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Planning approaches in Western Australia


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Planning system

Land use planning in Western Australia (WA) is governed by the Planning and Development Act 2005 (PDAct).

The WA State Planning Framework is outlined here: .

A document describing an Introduction to the Western Australian Planning System is here: .

In WA, land use and development control is by way of Regional Planning Schemes and Local Government Local Planning Schemes which define zones, reserves and other controls to implement State, regional and local government strategies and policies. These Schemes are created under the PDAct.  Regional Schemes are limited to areas where there is high development pressure, such as Perth and major centres, whereas most Local Governments in WA have a Local Planning Scheme.

The planning authorities that administer these schemes and determine applications for development approval are the WA Planning Commission (WAPC), local government Councils and, for significant proposals, Development Assessment Panels.  Subdivision is controlled by the State Government’s WAPC, rather than local government.

When making or amending Planning Schemes, planning authorities must have due regard for State Planning Policies (SPP) which provide the highest level of planning policy control and guidance in Western Australia and are also made pursuant to the PDAct.  Subdivision control also has regard for SPPs.  The principal SPP is the State Planning Framework (here: ) and there are several other SPPs including SPP 2.6 - State Coastal Planning found here: together with relevant guidelines.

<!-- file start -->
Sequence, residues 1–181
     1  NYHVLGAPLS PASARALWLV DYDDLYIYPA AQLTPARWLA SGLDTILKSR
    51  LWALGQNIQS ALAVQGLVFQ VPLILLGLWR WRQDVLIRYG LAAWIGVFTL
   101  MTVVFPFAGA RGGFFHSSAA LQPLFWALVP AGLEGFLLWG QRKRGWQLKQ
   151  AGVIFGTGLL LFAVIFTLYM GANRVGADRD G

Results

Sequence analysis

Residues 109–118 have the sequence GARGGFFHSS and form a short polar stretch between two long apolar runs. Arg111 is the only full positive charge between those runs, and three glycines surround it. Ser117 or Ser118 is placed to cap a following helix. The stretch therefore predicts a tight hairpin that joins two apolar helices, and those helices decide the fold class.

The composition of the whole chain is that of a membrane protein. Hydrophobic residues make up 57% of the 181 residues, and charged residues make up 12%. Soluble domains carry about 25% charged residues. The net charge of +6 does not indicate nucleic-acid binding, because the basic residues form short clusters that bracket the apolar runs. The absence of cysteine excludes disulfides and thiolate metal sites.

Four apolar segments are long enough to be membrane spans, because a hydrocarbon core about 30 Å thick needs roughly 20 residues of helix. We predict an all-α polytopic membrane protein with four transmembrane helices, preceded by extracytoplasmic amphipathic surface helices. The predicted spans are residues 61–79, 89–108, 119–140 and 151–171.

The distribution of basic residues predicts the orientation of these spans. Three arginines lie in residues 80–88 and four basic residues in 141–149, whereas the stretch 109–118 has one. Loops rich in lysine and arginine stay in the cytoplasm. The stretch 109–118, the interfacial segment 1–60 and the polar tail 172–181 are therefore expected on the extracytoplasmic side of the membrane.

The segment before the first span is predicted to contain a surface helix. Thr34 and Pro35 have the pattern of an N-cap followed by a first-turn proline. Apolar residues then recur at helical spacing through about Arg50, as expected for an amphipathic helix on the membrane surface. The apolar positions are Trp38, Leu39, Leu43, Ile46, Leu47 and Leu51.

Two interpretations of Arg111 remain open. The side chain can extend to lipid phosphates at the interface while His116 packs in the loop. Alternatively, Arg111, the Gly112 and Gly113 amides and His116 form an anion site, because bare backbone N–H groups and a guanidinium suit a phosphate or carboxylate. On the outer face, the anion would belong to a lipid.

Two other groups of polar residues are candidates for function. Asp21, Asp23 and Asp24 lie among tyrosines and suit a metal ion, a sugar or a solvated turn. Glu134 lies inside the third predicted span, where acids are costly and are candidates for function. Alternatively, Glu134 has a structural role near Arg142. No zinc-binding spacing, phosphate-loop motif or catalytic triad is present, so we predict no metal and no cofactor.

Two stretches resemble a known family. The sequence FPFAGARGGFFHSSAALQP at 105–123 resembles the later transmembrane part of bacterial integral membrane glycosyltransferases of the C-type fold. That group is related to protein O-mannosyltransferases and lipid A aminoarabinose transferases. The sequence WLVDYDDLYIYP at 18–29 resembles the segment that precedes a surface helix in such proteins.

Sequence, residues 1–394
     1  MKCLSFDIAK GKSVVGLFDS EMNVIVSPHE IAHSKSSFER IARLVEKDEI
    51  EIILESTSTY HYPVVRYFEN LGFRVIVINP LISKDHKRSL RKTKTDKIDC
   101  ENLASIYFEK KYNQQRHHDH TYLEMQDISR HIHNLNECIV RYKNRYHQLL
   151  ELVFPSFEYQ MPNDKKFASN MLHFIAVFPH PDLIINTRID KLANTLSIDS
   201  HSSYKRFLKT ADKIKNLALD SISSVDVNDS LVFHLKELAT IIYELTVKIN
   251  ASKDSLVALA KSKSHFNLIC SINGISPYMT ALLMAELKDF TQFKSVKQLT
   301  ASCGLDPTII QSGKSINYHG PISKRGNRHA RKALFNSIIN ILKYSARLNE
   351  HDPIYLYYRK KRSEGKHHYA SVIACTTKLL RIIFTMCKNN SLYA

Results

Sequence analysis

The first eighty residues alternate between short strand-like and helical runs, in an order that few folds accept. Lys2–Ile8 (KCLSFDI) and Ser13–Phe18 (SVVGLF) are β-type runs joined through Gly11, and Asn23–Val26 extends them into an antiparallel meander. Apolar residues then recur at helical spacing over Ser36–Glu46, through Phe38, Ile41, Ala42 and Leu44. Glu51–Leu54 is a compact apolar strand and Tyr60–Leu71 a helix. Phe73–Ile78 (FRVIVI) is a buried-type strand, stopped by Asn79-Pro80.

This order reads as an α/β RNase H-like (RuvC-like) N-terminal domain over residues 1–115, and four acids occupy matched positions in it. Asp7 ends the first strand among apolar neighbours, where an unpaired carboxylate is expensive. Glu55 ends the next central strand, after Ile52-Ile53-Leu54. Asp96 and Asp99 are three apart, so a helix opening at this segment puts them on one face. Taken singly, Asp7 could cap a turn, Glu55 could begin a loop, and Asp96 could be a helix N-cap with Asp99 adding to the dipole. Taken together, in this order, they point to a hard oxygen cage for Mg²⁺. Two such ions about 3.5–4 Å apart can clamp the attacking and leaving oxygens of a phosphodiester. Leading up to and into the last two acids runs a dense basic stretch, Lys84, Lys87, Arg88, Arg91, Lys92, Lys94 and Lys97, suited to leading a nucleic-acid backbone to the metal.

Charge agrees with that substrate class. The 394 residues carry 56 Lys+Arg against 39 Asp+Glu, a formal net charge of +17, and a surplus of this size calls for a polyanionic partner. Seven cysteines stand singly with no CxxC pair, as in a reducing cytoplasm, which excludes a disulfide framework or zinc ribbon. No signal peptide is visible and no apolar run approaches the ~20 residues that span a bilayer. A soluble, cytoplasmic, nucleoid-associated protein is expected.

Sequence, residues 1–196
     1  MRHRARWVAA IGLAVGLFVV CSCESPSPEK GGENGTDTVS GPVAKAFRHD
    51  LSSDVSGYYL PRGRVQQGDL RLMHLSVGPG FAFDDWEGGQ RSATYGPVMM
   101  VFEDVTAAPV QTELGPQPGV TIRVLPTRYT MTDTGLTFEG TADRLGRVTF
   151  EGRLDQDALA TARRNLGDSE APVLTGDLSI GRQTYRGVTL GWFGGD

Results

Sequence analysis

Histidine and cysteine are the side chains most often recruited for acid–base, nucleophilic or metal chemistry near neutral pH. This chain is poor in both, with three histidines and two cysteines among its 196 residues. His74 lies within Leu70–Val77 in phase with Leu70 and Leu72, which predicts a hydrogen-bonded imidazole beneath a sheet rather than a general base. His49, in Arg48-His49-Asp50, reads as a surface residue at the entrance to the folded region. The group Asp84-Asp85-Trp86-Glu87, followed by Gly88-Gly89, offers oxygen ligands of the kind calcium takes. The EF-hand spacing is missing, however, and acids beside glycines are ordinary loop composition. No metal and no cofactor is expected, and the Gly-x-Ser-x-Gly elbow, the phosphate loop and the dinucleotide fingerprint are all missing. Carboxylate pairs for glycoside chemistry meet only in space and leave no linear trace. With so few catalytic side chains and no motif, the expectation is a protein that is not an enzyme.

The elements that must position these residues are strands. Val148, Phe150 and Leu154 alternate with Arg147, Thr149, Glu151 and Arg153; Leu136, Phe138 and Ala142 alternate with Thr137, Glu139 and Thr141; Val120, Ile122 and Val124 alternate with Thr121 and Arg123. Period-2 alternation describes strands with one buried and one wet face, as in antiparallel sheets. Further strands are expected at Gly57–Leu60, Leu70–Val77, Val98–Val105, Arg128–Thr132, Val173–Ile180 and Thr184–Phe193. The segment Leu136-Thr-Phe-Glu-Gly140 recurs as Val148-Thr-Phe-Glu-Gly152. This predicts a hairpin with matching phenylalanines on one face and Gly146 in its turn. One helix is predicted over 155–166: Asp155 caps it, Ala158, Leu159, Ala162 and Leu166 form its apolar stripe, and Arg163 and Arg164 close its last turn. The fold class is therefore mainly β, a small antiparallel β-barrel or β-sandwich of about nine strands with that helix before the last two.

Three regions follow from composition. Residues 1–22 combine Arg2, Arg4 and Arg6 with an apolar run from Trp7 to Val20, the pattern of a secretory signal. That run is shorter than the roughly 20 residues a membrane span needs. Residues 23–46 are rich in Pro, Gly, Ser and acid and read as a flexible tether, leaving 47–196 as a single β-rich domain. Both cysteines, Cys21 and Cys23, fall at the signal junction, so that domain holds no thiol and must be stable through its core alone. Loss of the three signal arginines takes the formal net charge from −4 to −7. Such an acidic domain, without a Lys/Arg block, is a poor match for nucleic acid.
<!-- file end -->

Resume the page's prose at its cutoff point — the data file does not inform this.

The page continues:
WA does not have legislation regarding coastal management or an authority specifically responsible for coastal protection. The recently released State Coastal Zone Strategy (August 2017) is a whole of government integrated framework for collective action to manage and adapt to threats and pressures along the coast.  For further reference, the Appendices include a list of roles and responsibilities, a summary of WA State legislation relevant to the coastal zone, and a list of key government strategies, policies and other relevant documents. Available here:

Climate challenges

The WA Government’s position on Climate Change is set out here:

WA has the longest coastline of any Australian state or territory – with 20,513 kilometres of open coast. The State’s approximately two million people are largely concentrated in the southwest and in particular metropolitan Perth. Climate change, including rising sea levels, is predicted to increase erosion of sandy coastlines and inundation of low-lying areas, with implications for Western Australian settlements, communities and infrastructure. The WA Government has adopted a figure of 0.9 metres for sea-level rise over a 100 year planning timeframe, applying to future coastal development.  

Other likely impacts of climate change relevant to the WA coast include:

  • decreased average rainfall in south-west WA, increased averaged temperatures statewide;
  • north-west WA can expect a higher proportion of its tropical cyclones to be more intense;
  • cyclones are also expected to occur 100 kilometres further south than their current range;
  • increased risks to coastal settlements of coastal erosion, saltwater inundation and storm surge flooding;
  • increased risk of bushfire and drought;
  • adverse impacts on fishing and agriculture, resource industries, recreation and tourism; and
  • loss of terrestrial and marine biodiversity.

Key planning policies/strategies

Key planning legislation

Relevant state-wide coastal datasets

Other relevant information